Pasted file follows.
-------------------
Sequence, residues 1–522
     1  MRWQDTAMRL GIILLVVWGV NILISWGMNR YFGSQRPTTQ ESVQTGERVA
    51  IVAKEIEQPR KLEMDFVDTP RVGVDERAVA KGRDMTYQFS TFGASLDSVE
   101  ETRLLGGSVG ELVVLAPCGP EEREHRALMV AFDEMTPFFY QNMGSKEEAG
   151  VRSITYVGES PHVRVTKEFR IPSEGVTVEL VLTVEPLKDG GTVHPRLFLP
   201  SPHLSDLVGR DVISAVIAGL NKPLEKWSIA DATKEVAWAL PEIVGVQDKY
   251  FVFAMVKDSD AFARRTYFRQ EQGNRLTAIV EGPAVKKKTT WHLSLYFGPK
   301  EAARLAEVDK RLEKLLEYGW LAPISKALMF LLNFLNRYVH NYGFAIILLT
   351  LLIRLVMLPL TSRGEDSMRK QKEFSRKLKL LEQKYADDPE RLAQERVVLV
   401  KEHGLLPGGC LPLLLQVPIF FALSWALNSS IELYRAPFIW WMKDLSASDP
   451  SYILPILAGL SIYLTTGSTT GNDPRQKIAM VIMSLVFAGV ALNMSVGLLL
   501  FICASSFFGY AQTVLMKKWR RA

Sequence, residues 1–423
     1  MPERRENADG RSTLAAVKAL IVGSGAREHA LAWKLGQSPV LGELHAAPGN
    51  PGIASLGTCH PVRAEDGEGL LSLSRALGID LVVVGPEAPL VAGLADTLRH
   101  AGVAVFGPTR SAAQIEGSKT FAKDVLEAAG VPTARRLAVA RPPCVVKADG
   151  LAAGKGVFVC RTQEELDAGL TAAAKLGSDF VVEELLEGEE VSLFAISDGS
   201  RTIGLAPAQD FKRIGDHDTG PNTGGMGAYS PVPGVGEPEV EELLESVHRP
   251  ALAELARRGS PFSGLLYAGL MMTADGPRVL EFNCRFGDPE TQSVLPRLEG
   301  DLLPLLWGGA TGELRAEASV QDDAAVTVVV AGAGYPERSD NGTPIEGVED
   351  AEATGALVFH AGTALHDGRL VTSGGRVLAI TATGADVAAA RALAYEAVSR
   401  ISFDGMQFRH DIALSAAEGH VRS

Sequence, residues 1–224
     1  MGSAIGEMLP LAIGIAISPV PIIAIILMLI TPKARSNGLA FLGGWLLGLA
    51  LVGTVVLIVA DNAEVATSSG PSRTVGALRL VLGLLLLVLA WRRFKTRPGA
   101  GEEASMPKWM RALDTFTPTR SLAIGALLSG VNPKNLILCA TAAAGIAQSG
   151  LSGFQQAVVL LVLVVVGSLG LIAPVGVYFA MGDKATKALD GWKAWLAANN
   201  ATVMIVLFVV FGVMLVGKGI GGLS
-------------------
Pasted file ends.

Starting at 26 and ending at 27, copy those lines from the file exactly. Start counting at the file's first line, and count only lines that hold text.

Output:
   101  GEEASMPKWM RALDTFTPTR SLAIGALLSG VNPKNLILCA TAAAGIAQSG
   151  LSGFQQAVVL LVLVVVGSLG LIAPVGVYFA MGDKATKALD GWKAWLAANN